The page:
As we head into Thanksgiving, the year’s busiest time for homemade pie, we asked Linda Lomelino, the creator of the blog Call Me Cupcake! and author of Lomelino’s Pies (Roost Books, Oct.), for tips on how to craft the ultimate holiday pie. Lomelino also shared her recipe for the quintessential Thanksgiving dessert, Classic Apple Pie.

Tips for the Perfect Pie

1.) I think metal pie pans are the best because they distribute the heat well, which, in turn, makes the pie shell nice and crisp. Sometimes I use glass or porcelain pans, but primarily for crumble pies that do not have a shell. Do not bake crumble pies in a springform pan with a removable bottom. They are not always completely tight, and the pie can leak out into the oven—believe me, I’ve tried.

2.) Let the filling cool. The filling should never be warm when you pour it into the pie shell, no matter whether the shell is blind-baked or not. If you pour a warm filling into an unbaked pie shell, the butter in the dough will begin to melt. If you pour a warm filling into a blind-baked pie shell, the shell will soak up the moisture of the filling and soften.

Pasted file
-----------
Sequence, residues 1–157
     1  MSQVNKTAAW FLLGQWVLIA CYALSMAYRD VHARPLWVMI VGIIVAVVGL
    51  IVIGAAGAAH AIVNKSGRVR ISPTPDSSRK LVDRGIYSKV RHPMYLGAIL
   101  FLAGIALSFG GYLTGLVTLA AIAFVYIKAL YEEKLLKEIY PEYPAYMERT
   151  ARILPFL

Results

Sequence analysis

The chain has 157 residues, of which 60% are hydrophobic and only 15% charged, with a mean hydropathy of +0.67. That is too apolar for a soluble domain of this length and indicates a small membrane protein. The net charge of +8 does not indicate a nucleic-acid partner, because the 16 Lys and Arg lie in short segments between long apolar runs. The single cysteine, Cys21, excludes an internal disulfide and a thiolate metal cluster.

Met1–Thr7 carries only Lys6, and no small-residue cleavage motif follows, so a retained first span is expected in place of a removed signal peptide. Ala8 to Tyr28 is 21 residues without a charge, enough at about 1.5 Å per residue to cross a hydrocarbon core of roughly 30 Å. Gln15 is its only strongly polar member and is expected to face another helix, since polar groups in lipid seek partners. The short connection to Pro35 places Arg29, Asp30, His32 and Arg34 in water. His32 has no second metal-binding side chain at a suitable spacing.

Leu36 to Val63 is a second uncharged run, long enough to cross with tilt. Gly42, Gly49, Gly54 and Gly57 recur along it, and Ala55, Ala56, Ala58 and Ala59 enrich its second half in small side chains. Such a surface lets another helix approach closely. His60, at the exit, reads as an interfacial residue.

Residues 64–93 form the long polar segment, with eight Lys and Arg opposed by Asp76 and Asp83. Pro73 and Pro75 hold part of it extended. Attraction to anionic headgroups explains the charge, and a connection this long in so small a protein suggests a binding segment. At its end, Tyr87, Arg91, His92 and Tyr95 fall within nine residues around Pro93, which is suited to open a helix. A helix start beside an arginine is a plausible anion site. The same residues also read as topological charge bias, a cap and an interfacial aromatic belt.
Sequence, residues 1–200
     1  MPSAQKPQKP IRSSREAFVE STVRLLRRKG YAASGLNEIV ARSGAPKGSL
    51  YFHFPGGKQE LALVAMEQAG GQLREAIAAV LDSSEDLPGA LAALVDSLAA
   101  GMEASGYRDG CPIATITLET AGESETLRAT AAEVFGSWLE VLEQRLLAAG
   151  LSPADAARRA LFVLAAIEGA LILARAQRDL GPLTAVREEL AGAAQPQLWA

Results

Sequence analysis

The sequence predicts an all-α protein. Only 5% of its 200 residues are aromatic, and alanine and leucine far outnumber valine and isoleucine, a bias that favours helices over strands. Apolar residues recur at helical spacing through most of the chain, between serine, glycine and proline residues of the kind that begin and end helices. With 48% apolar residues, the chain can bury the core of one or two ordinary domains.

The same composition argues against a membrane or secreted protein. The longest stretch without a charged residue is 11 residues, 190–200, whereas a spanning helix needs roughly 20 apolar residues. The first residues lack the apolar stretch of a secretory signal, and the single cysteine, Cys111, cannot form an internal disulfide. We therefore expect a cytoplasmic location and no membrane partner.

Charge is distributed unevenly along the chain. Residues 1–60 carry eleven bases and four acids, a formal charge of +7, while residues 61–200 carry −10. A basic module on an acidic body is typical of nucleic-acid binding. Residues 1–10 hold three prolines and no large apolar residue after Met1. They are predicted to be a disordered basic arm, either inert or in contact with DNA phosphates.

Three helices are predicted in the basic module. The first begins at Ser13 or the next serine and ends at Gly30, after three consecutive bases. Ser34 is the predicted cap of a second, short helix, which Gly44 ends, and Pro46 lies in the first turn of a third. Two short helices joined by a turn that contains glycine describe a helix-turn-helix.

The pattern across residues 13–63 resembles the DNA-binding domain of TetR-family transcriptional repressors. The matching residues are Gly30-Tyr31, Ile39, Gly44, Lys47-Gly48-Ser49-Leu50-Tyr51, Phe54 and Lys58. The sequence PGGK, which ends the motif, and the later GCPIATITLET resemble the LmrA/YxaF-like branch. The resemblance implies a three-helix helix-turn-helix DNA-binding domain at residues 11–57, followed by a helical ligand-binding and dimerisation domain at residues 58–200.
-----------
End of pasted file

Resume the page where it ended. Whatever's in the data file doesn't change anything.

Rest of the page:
3.) It is good to transfer a filled pie to the freezer 15 minutes before baking so that the pie can hold its shape and won’t shrink as much in the oven. As the pie cools, the butter in the crust will chill again and won’t melt as quickly when the pie is baked

4.) I usually bake pies at a high temperature to begin with and then reduce the heat. I do this primarily so the pie dough can firm up and bake quickly, thus holding its shape, and also so the pie will take on a good color.

5.) A baked fruit pie, such as the Classic Apple Pie, can last up to five days in the refrigerator but is best the first two days. If you know that you are not going to eat the entire pie, you can cut it into pieces and freeze the pieces in a freezer container or something similar. That way, it will be easy to thaw only one piece of pie when you are tempted.

CLASSIC APPLE PIE